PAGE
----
The Fornax cluster of galaxies offers an ideal environment to study the archaeological record of the formation of ETGs, for several reasons. It is the second closest galaxy cluster, at a distance of only 20.9 (± 0.9) Mpc (Blakeslee et al. 2009), which allows a detailed view of the galaxies and the collection of high S/N data. At a declination of about − 35° 30′, the Fornax cluster is perfectly located for observations with telescopes at ESO’s La Silla–Paranal Observatory. Hubble Space Telescope (HST) images (Jordán et al. 2007) and VLT Survey Telescope (VST) deep multi-band imaging (Iodice et al. 2016; Venhola et al. 2017) are available for the ETGs in this cluster, which is essential for stellar-dynamical modelling of their centralregions and for the stellar-population analysis of their haloes. The cluster has a modest mass (about 7 × 1013 M) compared to Virgo or Coma, which are ten times more massive, making Fornax an important lower-mass counterpoint to these well-studied, nearby clusters. It is also compact and dynamically relaxed, and therefore is more representative of the clusters and groups in which most ETGs tend to live (see e.g. the cluster mass function of Bahcall & Cen 1993). ETGs in clusters are also unlikely to suffer (further) major interactions (Mihos et al. 2005), and gas accretion and star formation are likewise suppressed (Davis et al. 2011; McDermid et al. 2015), in particular in the 1013 −1014 M range (Catinella et al. 2013; Odekon et al. 2016). Therefore, the Fornax cluster gives a clean view into the assembly history of ETGs since they joined the cluster, with minimal significant external influences on their dynamical or chemical evolution. Finally, as the Fornax cluster appears particularly rich in FRs (Scott et al. 2014), it provides an ideal laboratory for testing the role of galactic environment in quenching star formation and turning spirals into ETGs.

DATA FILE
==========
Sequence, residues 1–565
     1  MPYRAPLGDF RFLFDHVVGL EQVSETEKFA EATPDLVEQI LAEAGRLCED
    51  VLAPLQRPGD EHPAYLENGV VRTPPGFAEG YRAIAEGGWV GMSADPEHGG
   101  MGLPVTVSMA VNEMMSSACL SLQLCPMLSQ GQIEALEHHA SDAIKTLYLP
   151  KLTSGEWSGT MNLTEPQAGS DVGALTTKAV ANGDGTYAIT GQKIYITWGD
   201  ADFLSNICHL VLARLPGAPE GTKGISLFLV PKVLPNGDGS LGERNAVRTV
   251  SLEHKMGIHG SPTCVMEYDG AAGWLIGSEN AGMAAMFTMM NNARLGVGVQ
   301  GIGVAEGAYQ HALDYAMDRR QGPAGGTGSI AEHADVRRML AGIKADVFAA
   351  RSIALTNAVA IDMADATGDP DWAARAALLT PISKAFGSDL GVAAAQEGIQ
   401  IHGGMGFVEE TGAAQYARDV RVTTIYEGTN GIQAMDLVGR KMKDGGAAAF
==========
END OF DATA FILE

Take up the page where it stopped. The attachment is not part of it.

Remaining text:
These considerations motivated the initiation of the Fornax3D (F3D) project, a timely and comprehensive study of the galaxies inside the virial radius of the Fornax cluster based on observationswith MUSE. The MUSE data provide a rich and detailed picture of the cluster’s principal central members, allowing extensive study of their resolved and unresolved stellar and ionised gas properties using state-of-the-art modelling techniques, and complementing the extensive high-quality data existing for this nearby cluster. This paper presents an overview of the project, and highlights some initial results that demonstrate the quality, legacy value, and exciting potential of the F3D data set. The design of the Fornax3D survey is described in Sect. 2. The observations and data reduction are discussed in Sect. 3. The data analysis is summarised in Sect. 4 and quality of the data is assessed in Sect. 5. A number of initial results are given in Sect. 6 and concluding remarks follow in Sect. 7.